Black Spots On Leaves, Stems -Cyclamen Mites
Cyclamen mites are about 1/50 inch long, barely visible to the unaided eye. They have four pairs of legs, piercing-sucking mouth parts, and very compact bodies. They cause so-called "blacks", in which dark brown or blackish spots, streaks or blotches appear on delphinium stems and leaves. As soon as you notice the first stippling of the leaves, spray the pests with insecticidal soap. Repeat the spray every 3 to 5 days for 2 weeks. For more information see the file on Controlling Mites
Leaves Curled And Distorted - Aphids
Aphids, also called "plant lice," are soft-bodied, pear-shaped sucking insects about the size of the head of a pin. They often gather in large groups on delphinium leaves and tender buds. Their feeding retards plant growth. Leaves may turn yellow or brown. They wilt under bright sunlight, or sometimes curl and pucker. Spray the insects with insecticidal soap every 3 to 5 days. If that doesn't work, try pyrethrum every 5 to 7 days. For more information see the file on Dealing with Aphids.
Plants Stunted, Yellowed; Root Lesions - Nematodes
Nematodes are not insects, but slender, unsegmented roundworms. Most are microscopic-sized soil-dwellers. They have piercing-sucking mouthparts and feed on cell contents. Infested delphiniums look sickly, wilted and stunted. Their foliage yellows; they decline slowly and die. Underground, their root systems are poorly developed, even partially decayed. Dig up damaged plants and trash them. Add lots of compost (especially leaf mold), if it is available, to the soil to encourage beneficial fungi that attack nematodes. Drench the soil with a solution of liquid fish emulsion and water to discourage nematodes. For more information see the file on Controlling Nematodes
Ragged Holes In Leaves - Slugs and Snails
Slug s are essentially snails without shells. They are usually 1 to 2 inches long (some species grow up to 8 inches). Their coloration may be white, gray, yellow, brown or black. Slugs and snails leave large ragged holes in delphinium leaves and stems from their file-like tongues. They are attracted to moist, well-mulched gardens and acidic soil. Active at night, they hide under boards or leaf litter during the day. Although these pests are always most destructive in shaded gardens and during rainy spells, they may attack delphiniums as well. Trap them in a shallow plate baited with beer and set on the soil near the delphiniums. Slugs, attracted to the yeast in the beer, will climb in and drown. Begin trapping within the first three to four weeks after the last frost. The more slugs trapped, the fewer are left to reproduce. For more information see the file on Controlling Slugs
Leaves Become Discolored - Leafminers
Larkspur leaf miner larvae feed in small groups in the tissues between the upper and lower surfaces of delphinium leaves. Large areas of leaf blades become discolored and collapse as though blighted. Leafminer larvae pupate just outside the leaves near the mine, or tunnel, in brown seed-like cases, that are often attached to the leaf. Pick off and destroy all infested leaves. Larvae can sometimes be repelled by spraying plants with a soap solution in late June or early July. For more information see the file on Controlling Leafminers.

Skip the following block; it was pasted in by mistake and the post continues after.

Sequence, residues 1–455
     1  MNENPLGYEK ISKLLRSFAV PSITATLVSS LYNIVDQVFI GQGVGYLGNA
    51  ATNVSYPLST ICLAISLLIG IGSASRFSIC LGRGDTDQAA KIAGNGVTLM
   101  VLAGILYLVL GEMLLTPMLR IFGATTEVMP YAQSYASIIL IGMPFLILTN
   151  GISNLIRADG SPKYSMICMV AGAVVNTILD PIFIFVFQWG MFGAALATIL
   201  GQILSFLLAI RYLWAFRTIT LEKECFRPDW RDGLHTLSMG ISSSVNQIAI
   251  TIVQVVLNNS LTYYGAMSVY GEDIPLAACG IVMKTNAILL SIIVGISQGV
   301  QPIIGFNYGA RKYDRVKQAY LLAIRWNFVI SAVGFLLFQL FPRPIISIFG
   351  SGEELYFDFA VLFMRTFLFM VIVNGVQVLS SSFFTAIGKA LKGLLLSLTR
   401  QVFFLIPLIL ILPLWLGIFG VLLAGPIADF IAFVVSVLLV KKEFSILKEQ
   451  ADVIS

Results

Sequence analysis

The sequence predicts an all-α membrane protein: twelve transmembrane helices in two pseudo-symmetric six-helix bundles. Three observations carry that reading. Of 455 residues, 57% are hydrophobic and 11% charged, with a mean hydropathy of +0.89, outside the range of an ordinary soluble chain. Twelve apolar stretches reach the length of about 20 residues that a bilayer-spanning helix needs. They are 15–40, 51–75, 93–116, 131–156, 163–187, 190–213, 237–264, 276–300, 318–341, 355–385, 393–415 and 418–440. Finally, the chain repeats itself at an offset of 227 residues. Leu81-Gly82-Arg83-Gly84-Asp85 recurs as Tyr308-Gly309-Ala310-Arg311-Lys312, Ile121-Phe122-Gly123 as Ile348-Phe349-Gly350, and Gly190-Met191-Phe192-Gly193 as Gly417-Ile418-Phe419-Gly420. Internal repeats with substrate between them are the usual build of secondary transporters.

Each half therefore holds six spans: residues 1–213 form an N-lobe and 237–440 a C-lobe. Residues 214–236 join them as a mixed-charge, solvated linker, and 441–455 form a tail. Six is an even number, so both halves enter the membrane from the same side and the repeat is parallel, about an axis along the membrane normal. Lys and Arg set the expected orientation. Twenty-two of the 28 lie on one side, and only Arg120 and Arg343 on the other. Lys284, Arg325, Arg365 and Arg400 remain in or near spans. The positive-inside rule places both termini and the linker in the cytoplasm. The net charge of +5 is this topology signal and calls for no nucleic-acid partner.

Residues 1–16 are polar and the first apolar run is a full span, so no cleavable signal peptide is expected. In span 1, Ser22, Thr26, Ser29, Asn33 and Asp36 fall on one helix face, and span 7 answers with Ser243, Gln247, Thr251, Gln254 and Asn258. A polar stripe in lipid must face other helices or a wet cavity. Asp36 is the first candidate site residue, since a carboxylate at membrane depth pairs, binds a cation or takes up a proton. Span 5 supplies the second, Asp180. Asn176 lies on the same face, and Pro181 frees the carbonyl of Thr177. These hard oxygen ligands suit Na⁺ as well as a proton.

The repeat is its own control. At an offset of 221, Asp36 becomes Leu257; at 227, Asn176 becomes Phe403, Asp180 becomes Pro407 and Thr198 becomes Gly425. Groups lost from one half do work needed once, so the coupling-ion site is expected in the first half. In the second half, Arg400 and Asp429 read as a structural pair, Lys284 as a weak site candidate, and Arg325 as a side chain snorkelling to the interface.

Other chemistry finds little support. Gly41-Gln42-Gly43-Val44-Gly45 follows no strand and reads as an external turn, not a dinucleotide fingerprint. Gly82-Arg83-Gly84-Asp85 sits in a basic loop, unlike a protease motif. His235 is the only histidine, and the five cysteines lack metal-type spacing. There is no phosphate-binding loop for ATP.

Crowns and Roots Rot; Odor Present - Crown Rot
Crown and root rot, caused by soil-dwelling bacteria and fungi, is the most common delphinium disease. If it is present, there may be no new shoots in the spring. A bacteria turns the crown (the thick base of the plant from which the roots grow) to mush. Often accompanied by an odor, the disease attacks a few spots on the crown at first, and then spreads to the entire crown. The lower leaves of a plant in leaf become discolored and its young shoots begin to wilt. The roots are blackened, rotten and covered with white fungal threads. Usually the whole plant dies in a few days.
Remove and discard in the trash any infected plants and the soil immediately surrounding them. Do not replant delphiniums in the same place next season. Allow the soil around the crowns to dry by removing any mulch and loosening it gently with a trowel. If you catch the rot early, spray the crowns with ferbam or captan fungicides. The disease is most likely to occur in the late winter thaw when dead leaves decompose on ground and harbor bacteria and fungi that spread to healthy tissue. Clean up garden debris promptly. Keep winter mulch away from the crowns to reduce problems. For more information see file on Dealing with Fungal Disease.
Pale Patches On Leaves - Downy Mildew
Downy mildews are caused by fungi that grow and spread on moist leaf and stem surfaces. These fungi form pale areas on upper leaf surfaces and gray or white or purplish "downy" patches on undersides. They are especially active in periods of cool wet nights and warm humid days, causing leaves to wilt and die. Plant delphiniums on well-drained, fertile soil with enough space between them to encourage good air circulation. Water them early on sunny days. Try to keep their foliage dry by watering just the soil. Promptly, dig out all heavily infected plants together with adjacent soil and discard them in the trash. Spray lightly infected plants with flowable sulfur or dust them with lime sulfur or Bordeaux mixture when downy mold first appears on leaf undersides. Several applications may be needed to achieve control. For more information see file on Dealing with Fungal Disease.